Women were encouraged to weigh and measure children to produce sturdy soldiers in the service of the nation. This process produced what Moran defines as the idea of “scientific motherhood.” Not only did it strengthen the bonds between women and the state, but it increasingly tied the idea of good motherhood and child health to scientific and quantifiable measures. In my view, this early 20th century history is an example of how the history of the body can be analyzed from a material perspective. Height-weight tables and growth curves are striking historical examples of how concrete objects, like technical aids, tools, and inventions have actively changed our understanding of the body and its ideals. The idea of good health was not merely an abstract, metaphysical one. The concrete measurements provided by height-weight tables and growth charts created a simplified quantifiable understanding of what good child health meant.
During the Great Depression, the white, unemployed man became the target and instrument of the advisory state. Unemployment affected not only the jobless themselves. When a family father, in particular, had no income, it seemed a threat to the American nuclear family itself. As part of President Franklin D. Roosevelt’s New Deal, young unemployed men were enrolled in a comprehensive national tree-planting program to reforest land, maintain park trails, build roads, and prevent erosion and flooding. The Civilian Conservation Corps initially enrolled around 250,000 men who worked in camps where they received salary, shelter, and food. Even though the program explicitly stated that it would not discriminate based on race or color, Morgan writes that only about 10 percent of the total corps was black. In Mississippi, where more than 50 percent of the population was African American, only 2 percent of the enrolled men were black. In Georgia, black men were not enrolled until the federal Corps´ administration intervened. The director of the Corps in Georgia argued that it was “vitally important that negroes remain in the counties for chopping cotton and planting other produce.” (p. 42) The problem of unemployment posed a threat not only to men and their families, but to the nation itself. Robert Fechner, the program’s first director, believed society and the nation’s social fabric were endangered when young men drifted around without purpose. The program’s rigorous routines, which included hard physical labor, as well as gymnastics and hearty foods, shaped the image of the white, heterosexual, muscular, able-bodied man. As James McEntee, the second director of the corps, wrote: “Much of the field work develops only certain muscles. The calisthenics, scientifically planned by Army experts in body development, are designed to give each muscle in the body proper exercise.” (p. 50) However, it was the white male body that became the poster-boy for the program. Publicity photos depicting shirtless, muscular white men carrying bulky pipes or handling heavy sledgehammers were sent to newspapers and magazines. The pictures materialized the ideal of the breadwinning, masculine, independent man embodied as the white muscular body.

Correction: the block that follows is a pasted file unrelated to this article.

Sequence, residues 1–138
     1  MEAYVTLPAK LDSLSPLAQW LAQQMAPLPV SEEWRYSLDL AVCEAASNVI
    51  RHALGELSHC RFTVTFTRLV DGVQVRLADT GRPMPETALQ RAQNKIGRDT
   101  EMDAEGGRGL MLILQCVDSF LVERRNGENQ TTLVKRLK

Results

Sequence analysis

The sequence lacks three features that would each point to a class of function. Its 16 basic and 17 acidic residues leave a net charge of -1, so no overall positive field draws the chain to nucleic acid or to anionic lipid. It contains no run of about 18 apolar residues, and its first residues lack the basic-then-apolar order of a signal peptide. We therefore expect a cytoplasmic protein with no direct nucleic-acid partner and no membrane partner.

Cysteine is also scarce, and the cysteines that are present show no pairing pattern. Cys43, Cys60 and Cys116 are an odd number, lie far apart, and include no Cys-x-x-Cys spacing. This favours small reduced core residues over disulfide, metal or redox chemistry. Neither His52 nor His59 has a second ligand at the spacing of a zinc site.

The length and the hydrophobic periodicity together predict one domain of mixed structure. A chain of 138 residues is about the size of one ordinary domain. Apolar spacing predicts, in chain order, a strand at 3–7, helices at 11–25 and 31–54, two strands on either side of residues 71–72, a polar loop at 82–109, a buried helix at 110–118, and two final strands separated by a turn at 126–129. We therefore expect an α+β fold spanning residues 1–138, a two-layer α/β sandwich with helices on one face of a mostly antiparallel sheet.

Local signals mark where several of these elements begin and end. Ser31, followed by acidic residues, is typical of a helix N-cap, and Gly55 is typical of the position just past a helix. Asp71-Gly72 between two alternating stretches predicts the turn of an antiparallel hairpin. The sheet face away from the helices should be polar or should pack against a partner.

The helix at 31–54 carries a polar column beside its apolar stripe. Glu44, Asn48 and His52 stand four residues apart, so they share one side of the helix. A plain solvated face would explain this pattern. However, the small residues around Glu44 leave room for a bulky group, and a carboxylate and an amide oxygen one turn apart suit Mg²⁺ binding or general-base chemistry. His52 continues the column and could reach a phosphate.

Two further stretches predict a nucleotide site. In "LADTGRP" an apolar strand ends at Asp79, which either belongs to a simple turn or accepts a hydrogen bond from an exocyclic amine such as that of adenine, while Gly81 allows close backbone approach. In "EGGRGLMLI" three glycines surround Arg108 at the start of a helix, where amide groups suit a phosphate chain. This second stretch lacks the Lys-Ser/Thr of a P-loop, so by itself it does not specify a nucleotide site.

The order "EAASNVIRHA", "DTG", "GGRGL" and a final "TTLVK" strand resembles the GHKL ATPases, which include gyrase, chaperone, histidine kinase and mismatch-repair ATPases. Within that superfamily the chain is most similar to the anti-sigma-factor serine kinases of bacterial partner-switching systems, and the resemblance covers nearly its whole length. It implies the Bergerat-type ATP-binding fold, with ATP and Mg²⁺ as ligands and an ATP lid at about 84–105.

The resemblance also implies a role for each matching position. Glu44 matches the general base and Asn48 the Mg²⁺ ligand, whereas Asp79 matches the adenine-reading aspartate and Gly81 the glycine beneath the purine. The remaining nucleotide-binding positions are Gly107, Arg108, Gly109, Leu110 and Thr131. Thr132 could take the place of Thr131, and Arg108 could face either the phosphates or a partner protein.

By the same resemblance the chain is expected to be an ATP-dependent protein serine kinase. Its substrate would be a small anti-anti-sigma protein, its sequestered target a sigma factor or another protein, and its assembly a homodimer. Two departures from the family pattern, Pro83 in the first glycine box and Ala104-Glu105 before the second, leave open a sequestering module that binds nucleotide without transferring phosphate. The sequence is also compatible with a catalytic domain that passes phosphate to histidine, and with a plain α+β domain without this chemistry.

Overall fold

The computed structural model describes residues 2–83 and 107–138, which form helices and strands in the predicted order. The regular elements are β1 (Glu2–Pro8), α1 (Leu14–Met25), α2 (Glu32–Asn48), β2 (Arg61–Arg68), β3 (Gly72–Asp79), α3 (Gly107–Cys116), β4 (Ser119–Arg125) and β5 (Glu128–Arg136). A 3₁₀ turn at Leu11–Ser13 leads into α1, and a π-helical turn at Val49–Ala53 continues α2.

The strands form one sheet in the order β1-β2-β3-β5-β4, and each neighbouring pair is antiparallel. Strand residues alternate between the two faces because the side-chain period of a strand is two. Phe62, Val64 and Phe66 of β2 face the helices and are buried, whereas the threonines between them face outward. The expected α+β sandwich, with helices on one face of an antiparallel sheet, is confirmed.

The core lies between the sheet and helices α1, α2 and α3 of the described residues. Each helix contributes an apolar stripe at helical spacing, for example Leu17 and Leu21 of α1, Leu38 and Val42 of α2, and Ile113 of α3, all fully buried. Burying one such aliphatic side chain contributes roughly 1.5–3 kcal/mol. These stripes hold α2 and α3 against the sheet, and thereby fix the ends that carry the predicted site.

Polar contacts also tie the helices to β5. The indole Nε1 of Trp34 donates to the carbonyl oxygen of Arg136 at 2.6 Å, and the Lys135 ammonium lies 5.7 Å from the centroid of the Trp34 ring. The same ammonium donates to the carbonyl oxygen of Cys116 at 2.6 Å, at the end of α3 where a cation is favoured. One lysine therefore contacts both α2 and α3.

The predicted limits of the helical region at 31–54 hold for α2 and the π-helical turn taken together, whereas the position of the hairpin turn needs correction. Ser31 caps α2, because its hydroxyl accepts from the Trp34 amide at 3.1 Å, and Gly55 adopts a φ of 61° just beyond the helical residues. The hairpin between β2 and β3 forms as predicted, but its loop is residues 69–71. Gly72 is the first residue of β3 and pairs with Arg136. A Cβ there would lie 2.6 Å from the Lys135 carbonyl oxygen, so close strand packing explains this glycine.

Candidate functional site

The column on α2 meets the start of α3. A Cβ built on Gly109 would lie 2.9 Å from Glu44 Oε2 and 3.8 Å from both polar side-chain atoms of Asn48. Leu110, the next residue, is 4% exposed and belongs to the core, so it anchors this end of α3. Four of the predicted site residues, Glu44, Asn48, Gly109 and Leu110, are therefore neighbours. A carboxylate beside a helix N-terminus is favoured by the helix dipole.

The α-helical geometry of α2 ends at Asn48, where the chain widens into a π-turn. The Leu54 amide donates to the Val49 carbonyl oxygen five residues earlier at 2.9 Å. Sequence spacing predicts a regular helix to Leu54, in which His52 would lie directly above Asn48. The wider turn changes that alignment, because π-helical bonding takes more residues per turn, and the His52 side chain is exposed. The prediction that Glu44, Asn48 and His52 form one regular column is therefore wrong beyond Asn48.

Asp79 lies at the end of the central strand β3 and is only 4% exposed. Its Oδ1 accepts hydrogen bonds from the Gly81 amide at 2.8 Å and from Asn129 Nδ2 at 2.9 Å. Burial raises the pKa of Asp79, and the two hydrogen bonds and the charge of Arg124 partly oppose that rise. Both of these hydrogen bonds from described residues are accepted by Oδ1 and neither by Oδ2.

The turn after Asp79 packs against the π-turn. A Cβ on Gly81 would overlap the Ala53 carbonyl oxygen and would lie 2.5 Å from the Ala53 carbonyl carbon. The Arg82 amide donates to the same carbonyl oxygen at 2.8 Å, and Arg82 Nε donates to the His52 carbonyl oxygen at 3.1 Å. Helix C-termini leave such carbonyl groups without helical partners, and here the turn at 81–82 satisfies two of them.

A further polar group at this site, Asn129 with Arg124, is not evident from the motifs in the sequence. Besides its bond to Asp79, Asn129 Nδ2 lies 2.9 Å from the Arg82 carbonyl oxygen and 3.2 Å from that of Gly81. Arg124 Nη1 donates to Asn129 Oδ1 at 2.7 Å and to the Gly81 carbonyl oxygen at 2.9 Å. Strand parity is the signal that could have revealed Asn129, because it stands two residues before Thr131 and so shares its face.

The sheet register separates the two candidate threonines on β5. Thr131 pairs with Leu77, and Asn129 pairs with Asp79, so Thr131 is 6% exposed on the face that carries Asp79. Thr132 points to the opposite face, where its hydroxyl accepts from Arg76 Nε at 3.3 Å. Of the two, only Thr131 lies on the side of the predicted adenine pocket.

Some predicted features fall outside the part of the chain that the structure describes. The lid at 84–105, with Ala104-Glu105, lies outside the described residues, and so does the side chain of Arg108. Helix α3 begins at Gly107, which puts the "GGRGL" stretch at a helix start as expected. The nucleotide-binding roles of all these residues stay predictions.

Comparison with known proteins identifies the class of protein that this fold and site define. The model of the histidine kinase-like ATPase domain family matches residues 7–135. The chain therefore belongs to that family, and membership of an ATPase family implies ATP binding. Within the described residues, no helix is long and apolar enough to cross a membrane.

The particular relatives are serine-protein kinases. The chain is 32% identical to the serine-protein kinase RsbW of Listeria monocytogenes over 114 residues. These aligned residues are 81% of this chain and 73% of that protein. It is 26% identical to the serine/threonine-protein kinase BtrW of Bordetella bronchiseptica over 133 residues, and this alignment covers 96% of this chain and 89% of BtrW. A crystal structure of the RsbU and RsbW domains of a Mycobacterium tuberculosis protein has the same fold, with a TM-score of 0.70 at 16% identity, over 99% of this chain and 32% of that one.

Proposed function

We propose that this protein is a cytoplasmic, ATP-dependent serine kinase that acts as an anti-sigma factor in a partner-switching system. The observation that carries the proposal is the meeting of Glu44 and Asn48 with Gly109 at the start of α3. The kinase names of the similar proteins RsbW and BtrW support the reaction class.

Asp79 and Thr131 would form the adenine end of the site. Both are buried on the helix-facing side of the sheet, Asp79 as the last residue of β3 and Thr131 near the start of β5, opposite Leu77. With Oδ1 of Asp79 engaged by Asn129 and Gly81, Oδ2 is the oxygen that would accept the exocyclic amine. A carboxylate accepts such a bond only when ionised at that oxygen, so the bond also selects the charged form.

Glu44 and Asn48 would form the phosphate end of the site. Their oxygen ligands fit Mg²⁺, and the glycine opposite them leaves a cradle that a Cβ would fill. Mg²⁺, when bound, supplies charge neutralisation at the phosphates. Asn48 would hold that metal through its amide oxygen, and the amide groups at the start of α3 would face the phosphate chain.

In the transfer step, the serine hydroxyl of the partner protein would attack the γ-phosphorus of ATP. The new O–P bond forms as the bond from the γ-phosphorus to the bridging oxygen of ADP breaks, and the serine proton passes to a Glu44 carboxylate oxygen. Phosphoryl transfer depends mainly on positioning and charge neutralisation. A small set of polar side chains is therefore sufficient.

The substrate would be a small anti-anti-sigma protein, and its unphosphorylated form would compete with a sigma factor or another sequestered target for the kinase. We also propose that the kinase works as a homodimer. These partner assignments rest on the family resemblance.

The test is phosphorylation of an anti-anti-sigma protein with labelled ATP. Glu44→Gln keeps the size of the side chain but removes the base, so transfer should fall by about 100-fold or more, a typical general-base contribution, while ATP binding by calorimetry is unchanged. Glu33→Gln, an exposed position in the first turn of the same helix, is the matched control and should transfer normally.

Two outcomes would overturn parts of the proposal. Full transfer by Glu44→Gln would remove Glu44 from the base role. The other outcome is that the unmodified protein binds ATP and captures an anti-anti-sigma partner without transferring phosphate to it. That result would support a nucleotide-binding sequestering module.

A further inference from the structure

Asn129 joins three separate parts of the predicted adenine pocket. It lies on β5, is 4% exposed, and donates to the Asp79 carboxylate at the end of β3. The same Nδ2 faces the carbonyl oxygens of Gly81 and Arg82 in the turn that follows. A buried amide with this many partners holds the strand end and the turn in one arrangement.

The Second World War gave momentum to governmental intervention and a more active federal policy. On the behalf of the Selective Service, the agency responsible for the induction of soldiers, doctors estimated men’s height and calculated their weight, took their pulse and measured blood pressure. Moran shows how, with the nation needing robust soldiers, the masculine ideal was molded to that of the strong heterosexual man. Physicians and psychologists were frontline fighters in a selection policy which resulted in men with broad hips, pubic fat, and patchy beards gradually being seen as examples of “failed masculinity” or, in worst cases, signs of homosexuality.